The Friendly Town: A Little Book for the Urbane

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Methuen & Company, 1906 - 379 psl.
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329 psl. - My vegetable love should grow Vaster than empires, and more slow; An hundred years should go to praise Thine eyes and on thy forehead gaze; Two hundred to adore each breast; But thirty thousand to the rest; An age at least to every part, And the last age should show your heart; For, Lady, you deserve this state, Nor would I love at lower rate. But at my back I always hear Time's winged chariot hurrying near; And yonder all before us lie Deserts of vast eternity.
218 psl. - Harry, I do not only marvel where thou spendest thy time, but also how thou art accompanied: for though the camomile, the more it is trodden on the faster it grows, yet youth, the more it is wasted the sooner it wears.
327 psl. - GOING TO THE WARS Tell me not, Sweet, I am unkind That from the nunnery Of thy chaste breast and quiet mind, To war and arms I fly. True, a new mistress now I chase, The first foe in the field; And with a stronger faith embrace A sword, a horse, a shield. Yet this inconstancy is such As you too shall adore; I could not love thee, dear, so much, Loved I not honour more.
323 psl. - Drink to me only with thine eyes, And I will pledge with mine; Or leave a kiss but in the cup And I'll not look for wine. The thirst that from the soul doth rise Doth ask a drink divine; But might I of Jove's nectar sup, I would not change for thine.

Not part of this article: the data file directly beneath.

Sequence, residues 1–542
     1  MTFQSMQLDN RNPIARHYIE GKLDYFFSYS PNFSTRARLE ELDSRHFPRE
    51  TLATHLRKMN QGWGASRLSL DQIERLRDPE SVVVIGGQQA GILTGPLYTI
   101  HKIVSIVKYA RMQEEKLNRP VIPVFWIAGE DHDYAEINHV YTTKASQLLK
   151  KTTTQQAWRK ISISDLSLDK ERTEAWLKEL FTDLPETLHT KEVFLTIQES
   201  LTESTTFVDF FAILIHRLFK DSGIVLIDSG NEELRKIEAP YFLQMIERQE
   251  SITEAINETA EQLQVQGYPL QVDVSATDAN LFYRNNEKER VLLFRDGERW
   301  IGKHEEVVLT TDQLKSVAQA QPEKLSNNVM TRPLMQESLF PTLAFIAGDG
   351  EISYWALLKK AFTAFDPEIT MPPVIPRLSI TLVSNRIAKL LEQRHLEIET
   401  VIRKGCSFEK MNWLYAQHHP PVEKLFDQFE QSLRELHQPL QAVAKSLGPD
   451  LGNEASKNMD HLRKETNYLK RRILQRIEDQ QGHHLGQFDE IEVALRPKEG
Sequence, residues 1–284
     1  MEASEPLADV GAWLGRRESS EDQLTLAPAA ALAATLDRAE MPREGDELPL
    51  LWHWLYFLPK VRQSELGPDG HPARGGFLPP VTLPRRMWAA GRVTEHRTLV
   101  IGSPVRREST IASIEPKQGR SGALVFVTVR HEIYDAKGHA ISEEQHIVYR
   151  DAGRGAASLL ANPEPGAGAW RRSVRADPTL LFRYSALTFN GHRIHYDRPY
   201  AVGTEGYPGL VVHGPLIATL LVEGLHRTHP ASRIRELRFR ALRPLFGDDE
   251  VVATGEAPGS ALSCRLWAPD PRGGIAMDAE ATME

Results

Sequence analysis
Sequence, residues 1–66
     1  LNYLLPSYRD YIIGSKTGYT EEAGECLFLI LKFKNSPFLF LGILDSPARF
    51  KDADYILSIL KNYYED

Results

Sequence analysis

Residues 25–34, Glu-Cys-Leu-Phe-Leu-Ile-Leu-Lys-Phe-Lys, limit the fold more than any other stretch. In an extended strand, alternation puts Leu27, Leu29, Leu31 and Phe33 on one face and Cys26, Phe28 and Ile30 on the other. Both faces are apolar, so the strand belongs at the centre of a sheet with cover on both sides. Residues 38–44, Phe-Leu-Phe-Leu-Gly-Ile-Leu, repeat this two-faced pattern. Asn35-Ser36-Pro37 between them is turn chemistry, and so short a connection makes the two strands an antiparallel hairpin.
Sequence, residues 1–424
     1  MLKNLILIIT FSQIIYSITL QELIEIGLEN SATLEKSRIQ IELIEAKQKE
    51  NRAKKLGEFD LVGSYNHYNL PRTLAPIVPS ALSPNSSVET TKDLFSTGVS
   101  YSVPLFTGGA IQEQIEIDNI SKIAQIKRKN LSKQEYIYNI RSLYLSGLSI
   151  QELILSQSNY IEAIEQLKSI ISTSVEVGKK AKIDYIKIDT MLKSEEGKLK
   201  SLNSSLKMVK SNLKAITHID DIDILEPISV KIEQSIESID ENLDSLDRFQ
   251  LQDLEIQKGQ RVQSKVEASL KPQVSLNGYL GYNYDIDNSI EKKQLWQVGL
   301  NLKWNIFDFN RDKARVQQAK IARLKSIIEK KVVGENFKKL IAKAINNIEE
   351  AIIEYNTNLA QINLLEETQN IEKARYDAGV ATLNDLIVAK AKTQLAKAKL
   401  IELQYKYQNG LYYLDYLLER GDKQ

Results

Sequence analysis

245 psl. - I saw him once before, As he passed by the door, And again The pavement stones resound, As he totters o'er the ground With his cane. They say that in his prime, Ere the pruning-knife of Time Cut him down, Not a better man was found By the crier on his round Through the town. But now he walks the streets, And he looks at all he meets Sad and wan, And he shakes his feeble head, That it seems as if he said, "They are gone.
328 psl. - To his Coy Mistress Had we but world enough and time, This coyness, lady, were no crime. We would sit down and think which way To walk and pass our long love's day. Thou by the Indian Ganges' side Shouldst rubies find; I by the tide Of Huraber would complain.
324 psl. - TO ALTHEA FROM PRISON When Love with unconfined wings Hovers within my gates, And my divine Althea brings To whisper at the grates; When I lie tangled in her hair And fetter'd to her eye, The birds that wanton in the air Know no such liberty.
372 psl. - Sceptre and crown Must tumble down, And in the dust be equal made With the poor crooked scythe and spade.
326 psl. - I'll never love thee more. Like Alexander I will reign, And I will reign alone; My thoughts did evermore disdain A rival on my throne. He either fears his fate too much, Or his deserts are small, That dares not put it to the touch To gain or lose it all.
246 psl. - And if I should live to be The last leaf upon the tree • In the spring, Let them smile, as I do now, At the old forsaken bough Where I cling.

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